Managing director of Irish organic yoghurt maker Glenisk, Vincent Cleary, believes making its fleet run in a more environmentally-friendly way is an important aspect of reducing its carbon footprint.
As part of its steps to reduce its environmental impact, last year Glenisk purchased an all-electric sampling van called the Mega Van from French manufacturer AIXAM-MEGA. The van now travels to supermarkets and shops around Ireland so people can get a taste of the company’s products.
“This all-electric van is at the coalface. It meets consumers on a daily basis,” explains Cleary. “It portrays where we want to take our small company. What the van represents is just the start, I would hope, not only for our company but also for society at large. At the moment, the electric van was the best we could get our hands on in terms of a commercial vehicle.”
As to whether Glenisk will electrify its own vehicle fleet down the line, Cleary points to the limitations that manufacturers need to overcome.
“I never heard of Mega Van before until I went looking specifically for electric vehicles. They are a small player and the big manufacturers need to get involved.”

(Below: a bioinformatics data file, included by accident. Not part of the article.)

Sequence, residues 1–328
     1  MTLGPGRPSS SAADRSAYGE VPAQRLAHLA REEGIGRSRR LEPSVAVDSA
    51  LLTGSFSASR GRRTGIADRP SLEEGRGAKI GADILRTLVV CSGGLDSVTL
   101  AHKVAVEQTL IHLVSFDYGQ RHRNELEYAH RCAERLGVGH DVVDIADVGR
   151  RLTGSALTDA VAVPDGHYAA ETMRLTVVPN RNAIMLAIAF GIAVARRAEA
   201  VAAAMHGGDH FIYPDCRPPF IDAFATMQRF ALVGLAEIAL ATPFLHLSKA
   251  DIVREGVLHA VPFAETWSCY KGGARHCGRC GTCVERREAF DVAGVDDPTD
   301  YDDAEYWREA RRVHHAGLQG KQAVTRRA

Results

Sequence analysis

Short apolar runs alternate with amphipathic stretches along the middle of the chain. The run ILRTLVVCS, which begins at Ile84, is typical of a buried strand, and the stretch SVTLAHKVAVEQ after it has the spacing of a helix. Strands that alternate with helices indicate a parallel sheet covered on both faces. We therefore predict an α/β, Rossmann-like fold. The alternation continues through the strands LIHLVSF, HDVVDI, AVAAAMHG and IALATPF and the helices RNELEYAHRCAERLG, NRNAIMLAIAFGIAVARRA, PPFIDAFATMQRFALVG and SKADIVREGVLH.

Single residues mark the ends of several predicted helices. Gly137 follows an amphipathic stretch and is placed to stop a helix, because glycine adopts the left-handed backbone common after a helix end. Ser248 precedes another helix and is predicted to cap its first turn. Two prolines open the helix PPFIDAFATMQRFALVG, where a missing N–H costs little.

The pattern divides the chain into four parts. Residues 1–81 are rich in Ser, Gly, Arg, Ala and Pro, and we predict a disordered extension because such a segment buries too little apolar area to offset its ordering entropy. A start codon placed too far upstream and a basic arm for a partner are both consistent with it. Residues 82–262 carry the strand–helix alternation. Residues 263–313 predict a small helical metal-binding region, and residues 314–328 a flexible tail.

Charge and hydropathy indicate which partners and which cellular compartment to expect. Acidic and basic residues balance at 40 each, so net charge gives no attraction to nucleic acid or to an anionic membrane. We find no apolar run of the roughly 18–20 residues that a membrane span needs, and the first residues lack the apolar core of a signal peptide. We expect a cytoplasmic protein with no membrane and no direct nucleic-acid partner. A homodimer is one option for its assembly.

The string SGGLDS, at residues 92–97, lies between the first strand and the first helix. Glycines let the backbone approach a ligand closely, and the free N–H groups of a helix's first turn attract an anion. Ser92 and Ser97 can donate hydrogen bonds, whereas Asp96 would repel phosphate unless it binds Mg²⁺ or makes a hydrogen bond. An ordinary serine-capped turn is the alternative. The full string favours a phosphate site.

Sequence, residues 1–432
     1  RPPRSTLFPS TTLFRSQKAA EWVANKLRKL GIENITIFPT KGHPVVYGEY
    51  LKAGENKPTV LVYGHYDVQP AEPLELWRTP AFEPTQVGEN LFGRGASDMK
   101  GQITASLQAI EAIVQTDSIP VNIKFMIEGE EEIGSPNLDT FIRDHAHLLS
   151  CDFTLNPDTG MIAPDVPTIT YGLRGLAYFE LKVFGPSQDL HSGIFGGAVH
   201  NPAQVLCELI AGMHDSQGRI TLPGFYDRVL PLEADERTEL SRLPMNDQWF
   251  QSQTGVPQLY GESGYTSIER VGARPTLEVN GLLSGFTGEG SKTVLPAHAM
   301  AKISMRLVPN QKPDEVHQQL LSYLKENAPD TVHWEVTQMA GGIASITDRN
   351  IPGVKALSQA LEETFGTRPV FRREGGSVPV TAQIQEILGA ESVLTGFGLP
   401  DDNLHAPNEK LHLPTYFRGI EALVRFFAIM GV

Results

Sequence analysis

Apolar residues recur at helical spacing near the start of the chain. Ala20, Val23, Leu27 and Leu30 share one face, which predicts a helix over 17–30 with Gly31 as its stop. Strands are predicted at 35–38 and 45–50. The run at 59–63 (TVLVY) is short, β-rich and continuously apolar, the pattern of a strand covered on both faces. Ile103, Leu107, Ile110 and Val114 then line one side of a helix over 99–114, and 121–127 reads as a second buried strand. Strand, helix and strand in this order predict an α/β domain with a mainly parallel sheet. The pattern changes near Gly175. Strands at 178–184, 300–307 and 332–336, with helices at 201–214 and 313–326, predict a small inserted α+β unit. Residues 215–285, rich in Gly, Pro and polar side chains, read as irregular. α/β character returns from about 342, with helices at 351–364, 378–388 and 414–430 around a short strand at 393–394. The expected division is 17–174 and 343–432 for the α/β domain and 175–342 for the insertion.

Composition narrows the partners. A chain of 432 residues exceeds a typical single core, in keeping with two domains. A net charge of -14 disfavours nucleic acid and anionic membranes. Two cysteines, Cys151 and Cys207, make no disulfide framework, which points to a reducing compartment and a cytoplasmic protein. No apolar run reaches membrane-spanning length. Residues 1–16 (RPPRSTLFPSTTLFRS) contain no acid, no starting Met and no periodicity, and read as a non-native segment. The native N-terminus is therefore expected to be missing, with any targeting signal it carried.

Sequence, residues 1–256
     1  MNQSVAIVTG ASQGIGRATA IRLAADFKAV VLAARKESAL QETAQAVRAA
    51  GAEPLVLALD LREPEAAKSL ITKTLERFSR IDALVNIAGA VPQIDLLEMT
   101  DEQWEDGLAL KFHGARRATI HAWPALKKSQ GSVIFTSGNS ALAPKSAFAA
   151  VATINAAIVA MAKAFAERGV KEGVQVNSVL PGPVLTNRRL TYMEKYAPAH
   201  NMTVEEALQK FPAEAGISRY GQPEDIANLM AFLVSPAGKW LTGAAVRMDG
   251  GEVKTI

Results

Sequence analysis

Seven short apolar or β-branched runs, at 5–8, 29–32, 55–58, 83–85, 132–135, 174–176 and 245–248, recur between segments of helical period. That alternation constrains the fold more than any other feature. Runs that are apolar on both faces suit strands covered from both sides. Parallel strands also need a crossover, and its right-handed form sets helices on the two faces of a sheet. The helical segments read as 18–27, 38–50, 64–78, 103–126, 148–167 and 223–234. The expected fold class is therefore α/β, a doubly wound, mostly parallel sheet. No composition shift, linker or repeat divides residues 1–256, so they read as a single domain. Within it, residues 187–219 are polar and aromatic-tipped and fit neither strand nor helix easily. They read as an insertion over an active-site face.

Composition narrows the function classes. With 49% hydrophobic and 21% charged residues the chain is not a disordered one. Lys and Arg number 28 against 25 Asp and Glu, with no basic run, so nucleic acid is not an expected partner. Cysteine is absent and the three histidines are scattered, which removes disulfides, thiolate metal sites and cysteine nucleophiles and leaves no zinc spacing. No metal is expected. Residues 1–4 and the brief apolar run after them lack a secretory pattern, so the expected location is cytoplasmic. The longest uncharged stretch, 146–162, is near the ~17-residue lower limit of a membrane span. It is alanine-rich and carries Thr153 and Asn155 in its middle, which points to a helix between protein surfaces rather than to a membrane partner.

Vincent Cleary, managing director, Glenisk
Cleary says he is disappointed with the automobile/trucking industry, which he asserts is not keeping up to speed on the electric and hybrid technology front.
“I would love if the truck manufacturers came out with a feasible alternative to burning diesel. Hybrids are a step forward but I am frustrated that there are no hybrid diesels out there yet although I believe some European manufacturers are about to launch vehicles that are a combination of hybrid technology with a diesel engine.”
He points to Renault’s imminent launch of an electric vehicle range in Ireland, at reduced prices, whereby people will have to rent the battery from them. Renault’s Kangoo ZE small commercial vehicle will be the first model for sale this November. It will be priced at €16,200, which includes the Government grant of €3,800 for electric vehicles.
“It’s a start. It’s another option. It will sell more electric cars. I also believe Ford is bringing out an electric transit van, so there are moves,” explains Cleary.
“Once the manufacturers start rolling out electric vehicles and they are viable alternatives to what we currently have then we will embrace them.
“The battery technology has improved radically in the last five years but I think the larger car makers need to give consumers a more feasible proposition and I see hydrogen as being the fuel for commercial trucks.”
Photo: Glenisk’s all-electric sampling van, which is powered up from the company’s on-site wind turbine